[7/10] Unfortunate circumstances surround the release of Red Horse, the third outing from San Francisco’s Early Graves. Original frontman Mahk Daniels was killed in a van accident while the band was on tour in 2010, creating a gaping hole in the band's lineup. Obviously, no one would have balked if the band decided to pack it in, but as a tribute to Daniels and means of going forward, the Bay Area boys have enlisted vocalist John Strachan (Funeral Pyre) and subsequently kept the ball rolling.
A blend of crusty punk and thrash ("crust thrash" perhaps?), Early Graves benefit both from their need for speed, and the grainy production job the album possesses. Since Red Horse doesn't have the treble, volume-heavy sound of its contemporaries, it's a throwback to mid-80's crossover, where energy and attitude were chosen over precision and technicality. Therefore, the raw nature of the album's running order recalls the brash temperament of vintage Black Flag, coupled with the mondo-aggro approach of current crust-fiends Tragedy and Trap Them.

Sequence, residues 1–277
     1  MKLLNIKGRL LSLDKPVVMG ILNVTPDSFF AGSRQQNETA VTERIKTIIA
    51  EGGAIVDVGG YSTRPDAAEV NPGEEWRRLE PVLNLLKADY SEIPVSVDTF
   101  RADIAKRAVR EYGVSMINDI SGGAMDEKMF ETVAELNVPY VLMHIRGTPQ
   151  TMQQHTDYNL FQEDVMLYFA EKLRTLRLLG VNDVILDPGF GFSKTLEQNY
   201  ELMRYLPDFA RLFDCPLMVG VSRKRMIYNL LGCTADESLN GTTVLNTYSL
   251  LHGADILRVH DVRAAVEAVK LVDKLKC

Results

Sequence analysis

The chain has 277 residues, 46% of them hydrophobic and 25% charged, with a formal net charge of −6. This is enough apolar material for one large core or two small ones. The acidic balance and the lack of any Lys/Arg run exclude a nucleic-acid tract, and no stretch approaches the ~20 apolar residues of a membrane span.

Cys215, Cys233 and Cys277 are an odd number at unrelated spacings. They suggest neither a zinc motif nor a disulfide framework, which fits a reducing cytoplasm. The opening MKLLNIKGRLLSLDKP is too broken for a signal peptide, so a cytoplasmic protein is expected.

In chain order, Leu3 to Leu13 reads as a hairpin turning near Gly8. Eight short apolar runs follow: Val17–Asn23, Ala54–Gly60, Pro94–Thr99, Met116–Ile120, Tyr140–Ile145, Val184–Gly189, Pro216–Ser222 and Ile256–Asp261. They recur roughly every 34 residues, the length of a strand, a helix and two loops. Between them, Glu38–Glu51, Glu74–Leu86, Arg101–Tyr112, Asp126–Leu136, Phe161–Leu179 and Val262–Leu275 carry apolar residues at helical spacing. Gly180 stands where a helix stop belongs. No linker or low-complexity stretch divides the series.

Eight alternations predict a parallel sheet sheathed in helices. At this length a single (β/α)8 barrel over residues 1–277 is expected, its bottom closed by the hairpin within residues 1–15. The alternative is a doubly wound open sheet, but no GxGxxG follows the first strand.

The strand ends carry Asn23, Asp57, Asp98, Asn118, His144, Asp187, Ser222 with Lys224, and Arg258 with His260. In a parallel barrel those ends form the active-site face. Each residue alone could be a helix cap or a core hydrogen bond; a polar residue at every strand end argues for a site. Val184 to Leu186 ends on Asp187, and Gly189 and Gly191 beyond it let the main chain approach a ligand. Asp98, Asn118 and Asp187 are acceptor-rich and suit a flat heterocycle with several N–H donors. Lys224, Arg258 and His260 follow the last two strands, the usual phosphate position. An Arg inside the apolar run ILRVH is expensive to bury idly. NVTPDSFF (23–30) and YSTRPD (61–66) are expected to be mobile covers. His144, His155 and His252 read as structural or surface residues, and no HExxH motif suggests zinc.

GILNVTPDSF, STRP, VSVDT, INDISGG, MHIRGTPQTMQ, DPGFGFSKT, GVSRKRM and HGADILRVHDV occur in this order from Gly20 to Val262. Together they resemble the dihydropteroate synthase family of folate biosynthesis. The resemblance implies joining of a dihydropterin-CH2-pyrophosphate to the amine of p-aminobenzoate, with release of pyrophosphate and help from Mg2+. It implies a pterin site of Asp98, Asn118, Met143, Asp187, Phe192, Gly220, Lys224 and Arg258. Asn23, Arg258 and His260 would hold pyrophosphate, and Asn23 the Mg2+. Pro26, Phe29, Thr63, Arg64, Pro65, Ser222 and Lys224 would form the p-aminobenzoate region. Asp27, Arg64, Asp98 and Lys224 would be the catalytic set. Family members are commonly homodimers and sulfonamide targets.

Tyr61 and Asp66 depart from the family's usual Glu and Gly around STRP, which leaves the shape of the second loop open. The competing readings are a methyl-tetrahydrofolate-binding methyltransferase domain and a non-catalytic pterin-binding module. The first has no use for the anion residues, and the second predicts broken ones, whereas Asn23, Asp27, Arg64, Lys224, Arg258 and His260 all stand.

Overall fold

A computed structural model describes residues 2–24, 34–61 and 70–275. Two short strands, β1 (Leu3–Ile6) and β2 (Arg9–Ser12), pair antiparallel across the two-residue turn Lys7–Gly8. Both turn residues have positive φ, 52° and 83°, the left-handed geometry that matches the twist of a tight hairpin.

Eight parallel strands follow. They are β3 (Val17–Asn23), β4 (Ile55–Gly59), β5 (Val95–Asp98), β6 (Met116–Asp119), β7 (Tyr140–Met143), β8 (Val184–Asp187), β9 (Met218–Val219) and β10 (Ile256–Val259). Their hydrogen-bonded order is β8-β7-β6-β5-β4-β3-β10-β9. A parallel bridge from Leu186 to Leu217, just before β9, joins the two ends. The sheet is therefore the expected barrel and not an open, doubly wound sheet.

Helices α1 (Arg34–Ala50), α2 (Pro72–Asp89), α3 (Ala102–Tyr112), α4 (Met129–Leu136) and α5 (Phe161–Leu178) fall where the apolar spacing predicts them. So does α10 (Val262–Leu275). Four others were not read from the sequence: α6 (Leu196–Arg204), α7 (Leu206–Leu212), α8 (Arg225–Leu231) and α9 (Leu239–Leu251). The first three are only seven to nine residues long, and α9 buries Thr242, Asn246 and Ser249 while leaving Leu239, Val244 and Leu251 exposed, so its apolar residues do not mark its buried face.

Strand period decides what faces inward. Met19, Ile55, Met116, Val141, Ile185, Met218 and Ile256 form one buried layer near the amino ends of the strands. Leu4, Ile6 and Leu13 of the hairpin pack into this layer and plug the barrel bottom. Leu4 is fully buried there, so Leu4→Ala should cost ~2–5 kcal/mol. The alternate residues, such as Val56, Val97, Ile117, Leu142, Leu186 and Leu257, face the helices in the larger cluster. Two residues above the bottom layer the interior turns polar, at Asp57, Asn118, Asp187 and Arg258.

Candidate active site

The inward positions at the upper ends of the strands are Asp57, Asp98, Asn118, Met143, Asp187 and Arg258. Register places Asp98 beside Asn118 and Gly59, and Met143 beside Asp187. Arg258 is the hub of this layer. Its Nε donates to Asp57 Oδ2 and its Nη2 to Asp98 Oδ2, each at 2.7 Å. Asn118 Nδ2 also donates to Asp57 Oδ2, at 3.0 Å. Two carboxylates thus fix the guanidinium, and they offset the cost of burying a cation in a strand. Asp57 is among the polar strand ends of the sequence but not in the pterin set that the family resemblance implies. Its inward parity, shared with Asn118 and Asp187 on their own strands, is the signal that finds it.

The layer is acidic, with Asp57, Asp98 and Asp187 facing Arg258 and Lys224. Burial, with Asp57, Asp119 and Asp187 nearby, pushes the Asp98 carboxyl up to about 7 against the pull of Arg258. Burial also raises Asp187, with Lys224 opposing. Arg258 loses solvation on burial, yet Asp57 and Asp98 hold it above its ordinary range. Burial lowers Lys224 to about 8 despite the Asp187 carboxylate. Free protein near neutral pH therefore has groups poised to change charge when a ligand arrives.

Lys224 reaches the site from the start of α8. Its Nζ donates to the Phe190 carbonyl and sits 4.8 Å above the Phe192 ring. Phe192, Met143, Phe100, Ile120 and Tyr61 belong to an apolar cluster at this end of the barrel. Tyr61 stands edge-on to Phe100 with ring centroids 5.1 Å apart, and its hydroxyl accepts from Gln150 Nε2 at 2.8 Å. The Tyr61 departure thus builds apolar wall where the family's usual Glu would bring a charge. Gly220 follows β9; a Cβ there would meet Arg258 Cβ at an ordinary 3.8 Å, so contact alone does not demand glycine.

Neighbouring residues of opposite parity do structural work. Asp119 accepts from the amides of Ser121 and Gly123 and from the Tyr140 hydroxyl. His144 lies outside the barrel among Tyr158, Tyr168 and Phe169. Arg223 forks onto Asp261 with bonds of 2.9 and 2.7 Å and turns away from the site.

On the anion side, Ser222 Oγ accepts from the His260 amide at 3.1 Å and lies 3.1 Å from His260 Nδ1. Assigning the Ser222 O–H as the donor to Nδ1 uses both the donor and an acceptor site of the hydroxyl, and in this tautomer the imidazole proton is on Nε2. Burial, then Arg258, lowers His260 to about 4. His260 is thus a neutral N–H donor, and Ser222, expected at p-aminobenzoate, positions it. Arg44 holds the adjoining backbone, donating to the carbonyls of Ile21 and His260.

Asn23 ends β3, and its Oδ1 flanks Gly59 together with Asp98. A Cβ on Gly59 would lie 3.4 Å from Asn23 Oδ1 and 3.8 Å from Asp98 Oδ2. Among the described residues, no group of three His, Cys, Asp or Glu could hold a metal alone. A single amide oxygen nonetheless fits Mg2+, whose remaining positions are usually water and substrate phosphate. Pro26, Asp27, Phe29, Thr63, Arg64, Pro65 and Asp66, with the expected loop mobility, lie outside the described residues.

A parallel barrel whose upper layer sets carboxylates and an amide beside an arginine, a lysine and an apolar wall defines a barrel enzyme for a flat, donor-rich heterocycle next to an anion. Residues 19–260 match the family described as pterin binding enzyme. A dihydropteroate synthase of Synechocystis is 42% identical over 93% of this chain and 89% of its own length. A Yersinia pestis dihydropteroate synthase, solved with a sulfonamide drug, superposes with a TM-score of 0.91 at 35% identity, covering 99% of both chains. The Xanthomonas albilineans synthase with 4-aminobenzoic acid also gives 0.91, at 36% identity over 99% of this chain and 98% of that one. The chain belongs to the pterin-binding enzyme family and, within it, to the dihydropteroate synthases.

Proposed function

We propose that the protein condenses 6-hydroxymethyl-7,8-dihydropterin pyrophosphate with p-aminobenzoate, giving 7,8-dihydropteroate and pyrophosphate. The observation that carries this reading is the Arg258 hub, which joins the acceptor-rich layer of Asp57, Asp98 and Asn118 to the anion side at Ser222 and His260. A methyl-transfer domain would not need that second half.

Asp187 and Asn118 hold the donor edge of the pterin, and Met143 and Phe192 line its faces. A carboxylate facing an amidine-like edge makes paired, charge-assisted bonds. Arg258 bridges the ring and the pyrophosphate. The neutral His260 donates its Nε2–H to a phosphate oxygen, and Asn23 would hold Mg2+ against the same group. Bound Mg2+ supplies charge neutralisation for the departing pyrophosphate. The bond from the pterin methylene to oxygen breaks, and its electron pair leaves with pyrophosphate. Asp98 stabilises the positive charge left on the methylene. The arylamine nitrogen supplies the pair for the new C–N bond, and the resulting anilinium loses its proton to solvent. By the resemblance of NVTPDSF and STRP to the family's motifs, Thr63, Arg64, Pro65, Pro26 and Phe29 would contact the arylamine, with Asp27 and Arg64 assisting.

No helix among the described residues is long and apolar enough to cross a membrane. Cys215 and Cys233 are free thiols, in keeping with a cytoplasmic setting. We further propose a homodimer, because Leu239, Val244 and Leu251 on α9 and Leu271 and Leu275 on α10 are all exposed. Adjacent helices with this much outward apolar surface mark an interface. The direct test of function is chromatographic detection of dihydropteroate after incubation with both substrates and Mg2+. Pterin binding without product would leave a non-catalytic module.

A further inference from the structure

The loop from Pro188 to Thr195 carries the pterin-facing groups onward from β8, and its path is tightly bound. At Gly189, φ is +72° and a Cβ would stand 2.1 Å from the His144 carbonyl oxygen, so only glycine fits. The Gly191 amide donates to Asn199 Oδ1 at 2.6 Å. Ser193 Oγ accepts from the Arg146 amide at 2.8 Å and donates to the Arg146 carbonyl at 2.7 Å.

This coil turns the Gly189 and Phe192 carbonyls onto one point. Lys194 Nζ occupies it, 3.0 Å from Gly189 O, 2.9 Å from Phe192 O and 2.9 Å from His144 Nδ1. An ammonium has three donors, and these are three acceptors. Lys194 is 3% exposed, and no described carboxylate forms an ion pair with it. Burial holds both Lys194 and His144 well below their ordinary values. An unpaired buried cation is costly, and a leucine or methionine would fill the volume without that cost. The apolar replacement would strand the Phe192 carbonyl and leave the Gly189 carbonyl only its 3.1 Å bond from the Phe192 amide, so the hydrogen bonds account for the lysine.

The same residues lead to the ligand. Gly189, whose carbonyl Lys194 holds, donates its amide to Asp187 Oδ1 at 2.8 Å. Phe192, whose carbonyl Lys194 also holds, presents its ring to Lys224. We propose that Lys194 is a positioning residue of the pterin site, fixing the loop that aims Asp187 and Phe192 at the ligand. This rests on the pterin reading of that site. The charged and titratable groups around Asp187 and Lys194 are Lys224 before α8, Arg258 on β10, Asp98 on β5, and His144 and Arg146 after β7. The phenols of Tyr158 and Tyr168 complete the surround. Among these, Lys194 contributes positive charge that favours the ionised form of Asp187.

Strachan does an admirable job of filling in, even if he's of the non-sequitor vocalist variety. It's no fault of his own, for the overblown angry-dude-on-vocals perch has become practically null over the calendar year, probably because all of these dudes sound the same. Regardless, there's no time and energy wasted on frenetic doses such as the opening "Skinwalker" and the title track, both of which should get some crowds whipped up into a frenzy. It's not until the closing track, "Quietus," in which Early Graves make their mark, wrapping up the album in instrumental fashion, complete with forlorn and melodic guitar lines, perhaps as a tribute to their fallen frontman.
A valiant return for a band that had every reason to cease operations, Red Horse retains the force and vigor Early Graves trotted out on 2010's Goner. And while this might not help them climb the crust metal ladder, it's emblematic of the band's unshakable will, which in this day and age, counts for something.
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